It now appears as if Joe Sitt is looking to have BJs Warehouse Clubs proliferate all over Brooklyn-with the NY Post reporting that his company, Thor Equities, is looking at a second location in Red Hook for the giant box store: "The Red Hook waterfront that some residents complain is already starting to resemble a strip mall - with Ikea and Fairway now firmly rooted - is gonna get another big-box retail tenant. Sources said today that they expect developer Joe Sitt to convert the former Revere Sugar Factory site he owns into a big national chain store."
This would be the third potential Brooklyn site for BJs-the first being off of Shore Parkway, and the second on the site of the old Key Food Warehouse. It won't be easy to attain this, however, not with the existing traffic issues that are already impacting Red Hook's waterfront. This isn't sitting well with the community: "John McGettrick, co-chair of the Red Hook Civic Alliance, said the neighborhood just can't handle more traffic. He said that besides lacking subway service, Red Hook doesn't have adequate roads and parking to handle IKEA – let alone another big retail chain next to it. "It's just another inappropriate use of waterfront property," he said."
The store would need to obtain a zoning permit in order to occupy the proposed site: "Sitt would need to get a zoning change through the city's land use review process because the retail business he plans to bring would take up more than 10,000 square feet in space." This will not be an easy task-particularly because of not only the traffic issue, but the fact that the store doesn't accept food stamps and Red Hook is a poor community.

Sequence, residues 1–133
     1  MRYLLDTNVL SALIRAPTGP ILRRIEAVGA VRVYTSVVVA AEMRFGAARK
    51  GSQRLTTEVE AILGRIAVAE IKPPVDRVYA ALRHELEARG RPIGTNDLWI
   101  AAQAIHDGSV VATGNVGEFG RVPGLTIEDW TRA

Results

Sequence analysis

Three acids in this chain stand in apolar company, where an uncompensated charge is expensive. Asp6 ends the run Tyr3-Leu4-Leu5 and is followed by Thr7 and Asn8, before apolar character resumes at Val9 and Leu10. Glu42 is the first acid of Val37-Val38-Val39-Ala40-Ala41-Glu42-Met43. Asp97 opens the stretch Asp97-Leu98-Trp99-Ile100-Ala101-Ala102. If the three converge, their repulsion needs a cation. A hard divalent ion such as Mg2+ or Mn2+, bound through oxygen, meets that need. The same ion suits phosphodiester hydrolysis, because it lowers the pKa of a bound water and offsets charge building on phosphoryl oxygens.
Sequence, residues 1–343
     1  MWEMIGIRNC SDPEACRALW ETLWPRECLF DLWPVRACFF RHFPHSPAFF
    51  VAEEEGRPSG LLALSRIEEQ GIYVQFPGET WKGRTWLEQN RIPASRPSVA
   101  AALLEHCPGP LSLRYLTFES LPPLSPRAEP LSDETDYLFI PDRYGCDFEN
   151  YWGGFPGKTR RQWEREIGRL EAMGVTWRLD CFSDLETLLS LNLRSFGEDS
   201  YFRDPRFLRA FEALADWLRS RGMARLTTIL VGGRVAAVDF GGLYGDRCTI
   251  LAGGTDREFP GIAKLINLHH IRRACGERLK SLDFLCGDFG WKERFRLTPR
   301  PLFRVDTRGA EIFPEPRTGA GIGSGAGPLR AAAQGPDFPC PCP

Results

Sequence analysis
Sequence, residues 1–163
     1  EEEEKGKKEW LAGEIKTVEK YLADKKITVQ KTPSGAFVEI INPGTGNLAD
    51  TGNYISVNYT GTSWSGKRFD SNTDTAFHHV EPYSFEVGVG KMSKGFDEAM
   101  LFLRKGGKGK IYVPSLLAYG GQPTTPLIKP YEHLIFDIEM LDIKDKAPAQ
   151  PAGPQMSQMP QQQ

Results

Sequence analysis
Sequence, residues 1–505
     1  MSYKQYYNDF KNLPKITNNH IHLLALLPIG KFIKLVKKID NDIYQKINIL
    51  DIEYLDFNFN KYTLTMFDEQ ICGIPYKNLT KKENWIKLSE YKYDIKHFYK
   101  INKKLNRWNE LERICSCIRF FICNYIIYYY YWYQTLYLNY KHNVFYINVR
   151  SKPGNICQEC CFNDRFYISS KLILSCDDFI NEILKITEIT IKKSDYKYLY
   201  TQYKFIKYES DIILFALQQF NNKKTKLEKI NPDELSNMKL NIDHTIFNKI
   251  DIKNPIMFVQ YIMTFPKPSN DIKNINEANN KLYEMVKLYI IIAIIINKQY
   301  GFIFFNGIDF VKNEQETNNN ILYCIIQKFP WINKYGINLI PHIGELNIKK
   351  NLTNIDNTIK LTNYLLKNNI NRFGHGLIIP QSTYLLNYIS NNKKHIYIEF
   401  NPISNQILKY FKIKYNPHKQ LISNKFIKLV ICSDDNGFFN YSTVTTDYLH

There's more on this from the Brooklyn Paper: "More warehouse-sized retail stores like BJ’s could be tough to swallow for Red Hook residents, many of whom bitterly opposed the Ikea, though its impact has not caused the apocalypse some predicted. There’s more traffic, especially on weekends, but there have been few complaints." Wait, as we have pointed out, till they see just what kind of traffic a BJs generates.
Here's what we have found from other similar BJs stores: The BJ’s traffic analysis reports average weekday volumes of 6,223 and average Saturday volumes of 7,608 vehicles per day (parked vehicles only, no trucks, no-dropoffs). Which leads us to Marty Markowitz's comments in the Post: ""Red Hook - and Brooklyn - are open for business, but while welcoming major retailers to our borough could bring economic vitality and much-needed jobs to previously under-served and underutilized areas, we must also be sure to 'grow smart' and preserve a neighborhood's character," Borough President Marty Markowitz said."
This would include, we assume, the preservation of the local supermarkets that Marty has championed. Something will have to give in all of this-proliferating BJs and supermarket preservation is a contradiction in terms.